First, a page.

• Members of the Optical and Quantum Communications Group in the Research Lab of Electronics (RLE) including Prof. Jeffrey Shapiro with senior research scientist Franco Wong and postdoc Zheshen Zhang have shown in a recent paper in Physical Review Letters that entanglement can improve optical sensor performance even if doesn't survive light's interaction with the environment. Read more.
  • Here’s one way to get kids excited about programming: a "robot garden" with dozens of fast-changing LED lights and more than 100 origami robots that can crawl, swim, and blossom like flowers. Read more.
  • When MIT senior Sheldon Trotman walks into any room, he almost instinctively looks for inefficiencies. The electrical engineering and computer science major is bent on streamlining our world, and has already founded several small companies that aim to do so. Read more.
  • Erna Viterbi, a warm and gracious philanthropist who with her husband, Qualcomm co-founder Andrew ’56, SM ’57, gave generously to MIT and a variety of other institutions, died Feb. 17 in San Diego. At MIT, the Viterbis established endowed professorships and fellowships for graduate students in the departments of electrical engineering and computer science and biological engineering. Four faculty members and more than 40 students on campus have benefited directly from their generosity. Read more.
  • On February 19th, the birthday of Nicolaus Copernicus, Professor James G. Fujimoto was awarded the Honorary Doctorate Degree at the Nicolaus Copernicus University in Poland. Professor Fujimoto was awarded the University’s highest academic distinction, Doctor Honoris Causa. Read more.
  • This week, at the Institute of Electrical and Electronics Engineers’ (IEEE's) International Solid-State Circuits Conference (ISSCC), the group of Anantha Chandrakasan, EECS Department Head and the Joseph F. and Nancy P. Keithley Professor in Electrical Engineering at MIT, will present a new transmitter design that reduces power leakage when transmitters are idle — greatly extending battery life and ultimately enabling the potential for the transmission of data needed for the "Internet of things". Read more.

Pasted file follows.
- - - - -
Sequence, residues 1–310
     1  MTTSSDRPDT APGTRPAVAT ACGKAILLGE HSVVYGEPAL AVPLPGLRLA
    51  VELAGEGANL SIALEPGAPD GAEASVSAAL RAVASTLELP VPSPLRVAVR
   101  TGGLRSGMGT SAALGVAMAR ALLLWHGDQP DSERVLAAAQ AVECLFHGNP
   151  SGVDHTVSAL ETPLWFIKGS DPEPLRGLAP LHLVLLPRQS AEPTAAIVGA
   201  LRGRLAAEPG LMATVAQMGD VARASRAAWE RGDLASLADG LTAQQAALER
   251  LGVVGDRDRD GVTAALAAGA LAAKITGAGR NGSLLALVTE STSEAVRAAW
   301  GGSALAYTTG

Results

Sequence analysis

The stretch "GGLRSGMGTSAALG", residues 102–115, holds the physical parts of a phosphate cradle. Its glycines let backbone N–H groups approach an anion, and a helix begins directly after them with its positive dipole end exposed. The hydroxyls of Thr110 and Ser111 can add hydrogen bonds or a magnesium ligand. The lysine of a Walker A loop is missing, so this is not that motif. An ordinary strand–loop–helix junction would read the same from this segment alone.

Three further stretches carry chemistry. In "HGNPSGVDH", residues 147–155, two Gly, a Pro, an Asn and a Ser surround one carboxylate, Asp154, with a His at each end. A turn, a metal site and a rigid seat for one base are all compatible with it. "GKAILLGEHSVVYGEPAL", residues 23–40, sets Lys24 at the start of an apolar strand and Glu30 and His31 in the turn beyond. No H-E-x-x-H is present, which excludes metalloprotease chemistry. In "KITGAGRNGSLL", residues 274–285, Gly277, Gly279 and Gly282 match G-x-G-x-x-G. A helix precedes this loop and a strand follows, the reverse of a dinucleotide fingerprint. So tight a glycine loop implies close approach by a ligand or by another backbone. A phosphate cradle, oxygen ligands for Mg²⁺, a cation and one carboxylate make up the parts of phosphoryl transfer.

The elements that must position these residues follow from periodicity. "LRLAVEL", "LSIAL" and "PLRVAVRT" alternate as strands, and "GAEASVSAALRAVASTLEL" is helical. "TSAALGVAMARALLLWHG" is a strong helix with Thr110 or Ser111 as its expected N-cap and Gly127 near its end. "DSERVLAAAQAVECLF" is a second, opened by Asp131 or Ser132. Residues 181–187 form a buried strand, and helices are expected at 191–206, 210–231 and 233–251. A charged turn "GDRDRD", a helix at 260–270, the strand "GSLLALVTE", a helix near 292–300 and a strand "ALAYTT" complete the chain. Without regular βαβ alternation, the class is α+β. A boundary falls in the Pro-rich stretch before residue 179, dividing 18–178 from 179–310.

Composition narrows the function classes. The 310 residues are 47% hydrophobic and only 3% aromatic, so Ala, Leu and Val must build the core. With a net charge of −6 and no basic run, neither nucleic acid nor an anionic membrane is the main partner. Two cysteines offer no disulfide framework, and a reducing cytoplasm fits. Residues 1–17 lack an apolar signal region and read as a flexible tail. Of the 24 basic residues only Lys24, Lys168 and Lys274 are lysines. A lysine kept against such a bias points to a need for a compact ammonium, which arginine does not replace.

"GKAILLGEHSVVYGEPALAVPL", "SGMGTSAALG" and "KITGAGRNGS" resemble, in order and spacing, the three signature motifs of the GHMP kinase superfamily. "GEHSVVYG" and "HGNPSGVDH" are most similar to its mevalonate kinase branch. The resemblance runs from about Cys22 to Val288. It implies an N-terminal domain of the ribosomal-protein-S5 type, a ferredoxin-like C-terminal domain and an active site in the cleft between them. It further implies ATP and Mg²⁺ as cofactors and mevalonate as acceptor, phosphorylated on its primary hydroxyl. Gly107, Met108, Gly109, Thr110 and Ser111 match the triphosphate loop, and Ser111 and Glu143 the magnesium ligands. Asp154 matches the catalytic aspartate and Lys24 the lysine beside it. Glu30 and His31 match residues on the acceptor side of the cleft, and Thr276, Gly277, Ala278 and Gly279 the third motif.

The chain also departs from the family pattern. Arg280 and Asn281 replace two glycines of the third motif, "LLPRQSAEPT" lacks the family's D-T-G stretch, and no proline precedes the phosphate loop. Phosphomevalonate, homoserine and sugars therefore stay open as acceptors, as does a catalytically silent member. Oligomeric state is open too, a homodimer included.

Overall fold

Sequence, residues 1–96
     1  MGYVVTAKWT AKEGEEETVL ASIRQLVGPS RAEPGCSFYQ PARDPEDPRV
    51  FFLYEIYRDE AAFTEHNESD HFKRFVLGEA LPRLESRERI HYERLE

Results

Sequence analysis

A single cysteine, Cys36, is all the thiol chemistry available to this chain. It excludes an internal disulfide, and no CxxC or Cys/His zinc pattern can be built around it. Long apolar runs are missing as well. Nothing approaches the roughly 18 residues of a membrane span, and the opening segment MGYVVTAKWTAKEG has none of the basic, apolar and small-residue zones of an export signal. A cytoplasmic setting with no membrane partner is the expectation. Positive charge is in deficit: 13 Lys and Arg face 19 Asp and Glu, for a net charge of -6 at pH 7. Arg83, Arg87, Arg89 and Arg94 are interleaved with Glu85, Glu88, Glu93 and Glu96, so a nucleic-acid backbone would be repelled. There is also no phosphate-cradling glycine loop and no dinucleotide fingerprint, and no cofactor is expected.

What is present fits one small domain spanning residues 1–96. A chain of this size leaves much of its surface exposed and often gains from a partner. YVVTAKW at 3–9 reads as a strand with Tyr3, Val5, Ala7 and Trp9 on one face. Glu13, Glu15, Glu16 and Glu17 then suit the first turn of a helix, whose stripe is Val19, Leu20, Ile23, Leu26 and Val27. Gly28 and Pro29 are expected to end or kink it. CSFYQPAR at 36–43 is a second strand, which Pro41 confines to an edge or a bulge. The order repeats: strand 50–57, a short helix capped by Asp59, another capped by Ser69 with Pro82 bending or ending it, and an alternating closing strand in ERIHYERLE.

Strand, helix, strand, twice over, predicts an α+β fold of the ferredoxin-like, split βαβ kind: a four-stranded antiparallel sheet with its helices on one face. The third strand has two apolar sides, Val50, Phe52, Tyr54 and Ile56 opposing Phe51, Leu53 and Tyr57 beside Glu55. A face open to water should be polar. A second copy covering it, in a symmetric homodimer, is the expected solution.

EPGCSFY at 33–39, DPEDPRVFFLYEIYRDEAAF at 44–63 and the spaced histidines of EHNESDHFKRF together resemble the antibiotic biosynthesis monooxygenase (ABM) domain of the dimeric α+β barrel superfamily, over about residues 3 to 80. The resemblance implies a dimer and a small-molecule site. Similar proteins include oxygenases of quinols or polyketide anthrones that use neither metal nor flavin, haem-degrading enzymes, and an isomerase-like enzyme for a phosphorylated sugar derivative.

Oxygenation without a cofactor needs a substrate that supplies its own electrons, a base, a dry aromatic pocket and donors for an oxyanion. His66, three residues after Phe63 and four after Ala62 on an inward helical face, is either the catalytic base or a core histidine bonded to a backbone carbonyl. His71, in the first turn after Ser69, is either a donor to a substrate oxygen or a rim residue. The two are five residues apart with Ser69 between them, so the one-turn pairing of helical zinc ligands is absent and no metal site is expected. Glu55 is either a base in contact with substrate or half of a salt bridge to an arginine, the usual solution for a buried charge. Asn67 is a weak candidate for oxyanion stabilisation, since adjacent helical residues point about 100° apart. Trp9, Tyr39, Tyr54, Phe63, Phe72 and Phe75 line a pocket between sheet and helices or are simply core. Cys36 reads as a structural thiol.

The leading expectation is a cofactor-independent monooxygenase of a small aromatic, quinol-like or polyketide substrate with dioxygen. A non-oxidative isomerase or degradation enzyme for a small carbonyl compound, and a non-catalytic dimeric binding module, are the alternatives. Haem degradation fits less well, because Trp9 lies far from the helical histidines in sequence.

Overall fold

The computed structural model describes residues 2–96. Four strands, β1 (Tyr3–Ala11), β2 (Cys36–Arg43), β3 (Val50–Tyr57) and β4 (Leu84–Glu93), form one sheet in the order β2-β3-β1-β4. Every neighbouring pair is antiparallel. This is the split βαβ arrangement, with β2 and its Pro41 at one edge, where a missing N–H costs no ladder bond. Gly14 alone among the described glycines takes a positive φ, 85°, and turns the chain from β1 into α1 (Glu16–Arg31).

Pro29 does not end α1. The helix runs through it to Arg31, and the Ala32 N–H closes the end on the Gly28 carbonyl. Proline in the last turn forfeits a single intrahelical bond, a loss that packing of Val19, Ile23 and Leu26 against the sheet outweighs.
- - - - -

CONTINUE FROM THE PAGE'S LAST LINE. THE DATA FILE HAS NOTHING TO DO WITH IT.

• Yoel Fink, Director of MIT's Research Laboratory of Electronics and professor of materials science and electrical engineering and computer sicence has teamed to develop multifunctional fibers made from abundant, low cost aluminum metal and silica glass. Read more.
  • Mapping the human genome, accomplished a decade ago, was heralded for laying the foundation for understanding genetic variation and links to a wide range of diseases. But genes can be switched on and off by many chemical modifications, aka "epigenetic marks." Now Manolis Kellis, EECS professor and member of the Computer Science and Artificial Intelligence Lab and the Broad Institute has led an NIH group that has created a similar map of the human epigenome. This work will lead to a global map towards understanding fundamental developmental and disease processes in humans. Read more.
  • Our susceptibility to disease depends both on the genes that we inherit from our parents and on our lifetime experiences. These two components — nature and nurture — seem to affect very different processes in the context of Alzheimer's disease, according to a new study published today in the journal Nature. Read more.
  • In the quest for improving the speed and efficiency of multicore chips, EECS Assistant Professor Daniel Sanchez and graduate student Nathan Beckmann designed a system that moves data around multicore chips' memory banks — improving execution by 18 percent on average while increasing energy efficiency as well. They won an award for this work in 2013. Now.. Read more.